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Thread: LBW Victim

  1. #1
    Cricketer Of The Year Hurricane's Avatar
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    LBW Victim

    Hi there,

    Just want to get some advice on my lbw problem. Any ball at middle stump will hit me on the pad.
    If the ball is pitched outside off stump I have a winner of a defensive system. I put my bat and pad together and cover any movement of the ball either towards slips or back in towards the stumps.

    But when I use this technique for straighter deliveries I get into trouble. If the ball cuts in a little bit it gets me on the pad - and I am dismissed. I also have trouble getting my bat around my front pad.

    The options I have considered are:

    1) Opening up my front leg and just aiming to hit the ball with my bat when the ball is aimed at middle stump. But keeping my bat and pad together.

    2) Putting my bat in front of my front leg and just playing the line of the ball. This would be awkward and would take a lot of practice.

    Both of these techniques worry me - as I live in fear of getting a ball like this
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    Are there typical reasons why people get out for lbw all the time?
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  2. #2
    Hall of Fame Member Son Of Coco's Avatar
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    Where do you take guard? Sounds like you get too far across your stumps during the delivery.
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  3. #3
    State Vice-Captain Kylez's Avatar
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    Personally think you may be planting your front foot down to early in the same spot every time, which is around off stump by the sounds of it. You would be fine when the ball is delivered in that area but when it's a straighter delivery you might be playing around your front foot because it's already been planted.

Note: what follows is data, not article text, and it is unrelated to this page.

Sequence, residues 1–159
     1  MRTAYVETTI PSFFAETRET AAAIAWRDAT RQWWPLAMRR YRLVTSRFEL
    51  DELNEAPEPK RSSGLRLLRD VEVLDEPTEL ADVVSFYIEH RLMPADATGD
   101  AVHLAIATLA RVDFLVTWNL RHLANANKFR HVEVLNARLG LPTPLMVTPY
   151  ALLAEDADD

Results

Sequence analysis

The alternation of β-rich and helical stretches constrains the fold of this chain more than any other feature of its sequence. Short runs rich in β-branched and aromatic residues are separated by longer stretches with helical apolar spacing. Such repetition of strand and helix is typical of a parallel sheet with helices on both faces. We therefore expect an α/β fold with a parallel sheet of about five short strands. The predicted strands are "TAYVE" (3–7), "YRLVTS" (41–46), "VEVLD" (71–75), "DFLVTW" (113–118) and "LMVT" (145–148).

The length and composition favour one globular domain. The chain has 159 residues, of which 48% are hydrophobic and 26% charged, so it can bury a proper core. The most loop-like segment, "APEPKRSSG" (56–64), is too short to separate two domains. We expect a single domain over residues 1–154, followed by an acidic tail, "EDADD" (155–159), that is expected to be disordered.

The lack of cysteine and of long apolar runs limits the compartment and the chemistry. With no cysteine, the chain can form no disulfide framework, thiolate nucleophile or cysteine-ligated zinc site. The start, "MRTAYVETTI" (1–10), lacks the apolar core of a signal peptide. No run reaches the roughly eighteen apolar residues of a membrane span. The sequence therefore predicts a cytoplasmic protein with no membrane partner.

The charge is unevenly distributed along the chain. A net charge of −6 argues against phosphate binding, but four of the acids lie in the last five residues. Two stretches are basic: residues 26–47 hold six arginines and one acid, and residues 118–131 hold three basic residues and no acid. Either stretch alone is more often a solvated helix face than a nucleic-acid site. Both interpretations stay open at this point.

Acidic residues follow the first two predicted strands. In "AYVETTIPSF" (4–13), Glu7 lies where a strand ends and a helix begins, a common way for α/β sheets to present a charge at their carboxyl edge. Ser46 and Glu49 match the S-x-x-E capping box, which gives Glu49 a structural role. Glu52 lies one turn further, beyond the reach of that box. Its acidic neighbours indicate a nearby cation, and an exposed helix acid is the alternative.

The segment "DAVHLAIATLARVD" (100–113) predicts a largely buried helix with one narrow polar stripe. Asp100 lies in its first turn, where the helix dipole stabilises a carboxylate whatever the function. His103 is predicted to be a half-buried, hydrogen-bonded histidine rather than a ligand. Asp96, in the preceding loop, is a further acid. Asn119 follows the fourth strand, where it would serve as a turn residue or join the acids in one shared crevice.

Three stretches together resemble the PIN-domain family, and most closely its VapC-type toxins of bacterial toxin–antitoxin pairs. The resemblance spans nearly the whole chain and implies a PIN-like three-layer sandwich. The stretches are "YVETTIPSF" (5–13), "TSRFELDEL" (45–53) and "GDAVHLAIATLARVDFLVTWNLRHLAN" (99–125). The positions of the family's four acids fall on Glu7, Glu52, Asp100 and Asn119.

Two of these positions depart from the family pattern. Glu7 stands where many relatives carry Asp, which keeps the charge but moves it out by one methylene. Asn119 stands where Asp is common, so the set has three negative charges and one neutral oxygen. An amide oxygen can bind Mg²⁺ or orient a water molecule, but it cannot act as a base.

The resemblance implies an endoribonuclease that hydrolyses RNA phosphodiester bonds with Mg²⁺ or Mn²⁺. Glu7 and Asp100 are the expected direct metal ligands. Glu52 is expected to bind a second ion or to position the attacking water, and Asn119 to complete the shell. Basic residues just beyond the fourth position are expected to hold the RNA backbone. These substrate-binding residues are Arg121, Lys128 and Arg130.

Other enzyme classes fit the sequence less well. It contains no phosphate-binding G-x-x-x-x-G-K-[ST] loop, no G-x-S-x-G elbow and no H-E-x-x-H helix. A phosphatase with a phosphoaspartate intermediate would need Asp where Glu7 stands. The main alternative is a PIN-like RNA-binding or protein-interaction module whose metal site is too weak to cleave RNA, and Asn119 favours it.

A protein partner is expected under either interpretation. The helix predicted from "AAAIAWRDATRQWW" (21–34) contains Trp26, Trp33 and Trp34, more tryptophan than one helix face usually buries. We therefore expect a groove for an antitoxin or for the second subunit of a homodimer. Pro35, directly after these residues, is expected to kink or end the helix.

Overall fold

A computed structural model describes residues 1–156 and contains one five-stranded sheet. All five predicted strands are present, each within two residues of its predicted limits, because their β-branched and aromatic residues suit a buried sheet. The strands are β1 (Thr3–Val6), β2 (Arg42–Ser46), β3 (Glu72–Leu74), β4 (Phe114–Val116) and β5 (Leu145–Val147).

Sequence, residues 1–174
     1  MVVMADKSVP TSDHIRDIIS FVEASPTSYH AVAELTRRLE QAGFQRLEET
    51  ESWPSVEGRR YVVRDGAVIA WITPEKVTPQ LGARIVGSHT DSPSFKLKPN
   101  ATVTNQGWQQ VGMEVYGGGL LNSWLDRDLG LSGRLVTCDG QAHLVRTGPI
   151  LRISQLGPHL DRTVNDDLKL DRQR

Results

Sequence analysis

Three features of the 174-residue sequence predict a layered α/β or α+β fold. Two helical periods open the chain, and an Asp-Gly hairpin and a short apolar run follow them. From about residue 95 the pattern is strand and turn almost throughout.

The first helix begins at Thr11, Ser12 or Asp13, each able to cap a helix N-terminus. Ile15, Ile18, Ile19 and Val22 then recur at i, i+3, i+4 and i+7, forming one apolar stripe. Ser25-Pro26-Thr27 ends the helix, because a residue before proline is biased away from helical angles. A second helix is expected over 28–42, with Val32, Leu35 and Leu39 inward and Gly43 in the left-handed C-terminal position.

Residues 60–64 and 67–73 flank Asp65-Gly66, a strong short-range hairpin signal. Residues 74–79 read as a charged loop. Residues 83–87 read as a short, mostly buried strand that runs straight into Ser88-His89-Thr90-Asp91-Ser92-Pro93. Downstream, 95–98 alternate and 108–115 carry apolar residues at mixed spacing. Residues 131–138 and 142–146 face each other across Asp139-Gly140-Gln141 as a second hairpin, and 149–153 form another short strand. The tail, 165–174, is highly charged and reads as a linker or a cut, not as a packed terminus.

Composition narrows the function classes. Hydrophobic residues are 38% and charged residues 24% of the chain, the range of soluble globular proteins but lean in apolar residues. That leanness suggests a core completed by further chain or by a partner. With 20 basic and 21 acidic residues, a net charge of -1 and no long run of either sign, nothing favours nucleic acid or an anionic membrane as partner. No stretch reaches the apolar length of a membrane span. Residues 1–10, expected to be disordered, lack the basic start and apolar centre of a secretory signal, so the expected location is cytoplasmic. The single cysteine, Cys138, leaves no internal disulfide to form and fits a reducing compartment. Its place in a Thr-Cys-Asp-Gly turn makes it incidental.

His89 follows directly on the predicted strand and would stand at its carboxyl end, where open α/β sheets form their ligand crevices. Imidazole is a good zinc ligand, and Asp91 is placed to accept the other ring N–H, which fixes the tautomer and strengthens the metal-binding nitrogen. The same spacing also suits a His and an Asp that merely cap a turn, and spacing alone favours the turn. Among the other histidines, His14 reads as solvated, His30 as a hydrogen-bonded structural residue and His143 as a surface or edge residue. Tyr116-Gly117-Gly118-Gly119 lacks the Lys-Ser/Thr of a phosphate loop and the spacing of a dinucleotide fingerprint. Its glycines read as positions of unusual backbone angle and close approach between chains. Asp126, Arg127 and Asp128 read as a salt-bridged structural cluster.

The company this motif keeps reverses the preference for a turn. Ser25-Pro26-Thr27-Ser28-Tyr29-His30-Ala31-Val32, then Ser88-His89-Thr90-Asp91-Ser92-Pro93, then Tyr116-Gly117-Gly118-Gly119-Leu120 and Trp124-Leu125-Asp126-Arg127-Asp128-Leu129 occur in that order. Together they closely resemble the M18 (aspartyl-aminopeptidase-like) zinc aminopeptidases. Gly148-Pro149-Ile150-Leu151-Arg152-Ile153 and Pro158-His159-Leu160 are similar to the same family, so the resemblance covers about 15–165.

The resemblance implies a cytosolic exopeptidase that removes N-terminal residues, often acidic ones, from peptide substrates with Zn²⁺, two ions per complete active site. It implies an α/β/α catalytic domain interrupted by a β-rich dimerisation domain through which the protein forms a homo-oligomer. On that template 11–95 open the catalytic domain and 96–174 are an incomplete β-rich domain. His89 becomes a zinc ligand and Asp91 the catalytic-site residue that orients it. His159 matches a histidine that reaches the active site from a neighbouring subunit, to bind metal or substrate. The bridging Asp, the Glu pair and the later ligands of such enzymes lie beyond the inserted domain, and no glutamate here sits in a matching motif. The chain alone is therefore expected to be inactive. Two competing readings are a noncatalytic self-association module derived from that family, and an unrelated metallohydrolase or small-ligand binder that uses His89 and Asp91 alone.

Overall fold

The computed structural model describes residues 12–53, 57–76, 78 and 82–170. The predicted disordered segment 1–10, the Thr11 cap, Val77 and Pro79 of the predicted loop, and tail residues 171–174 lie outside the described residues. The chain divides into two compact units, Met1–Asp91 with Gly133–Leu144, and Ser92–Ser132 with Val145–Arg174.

Try puting your foot an ich away from where the ball is pitched when driving the ball. If it's wide of off stump then plant it outside off stump, if it is excactly on middle stump then make sure you foot is around middle and legish. Or it's slightly on the legside then put your foot just outside leg to play the on drive or straight drive.

    Make sure you coming forward when your doing this aswell. Don't just plant your foot sidewards, make your your foot is in the right place and your also coming forward to the full delivery.

  4. #4
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    You shouldn't be attempting to try and get your bat 'around' your front pad. That suggests that you're trying to play the ball too square on the leg side. Instead, you should always be aiming to show close to 100% of the bat and playing it through straight mid on. This way your head won't fall over and get inside the line of the ball, which causes you to play the wrong line because your body weight is moving away from the ball.

    If that doesn't work, do a Mal Loye and slog sweep that ****:

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  5. #5
    Cricketer Of The Year Kweek's Avatar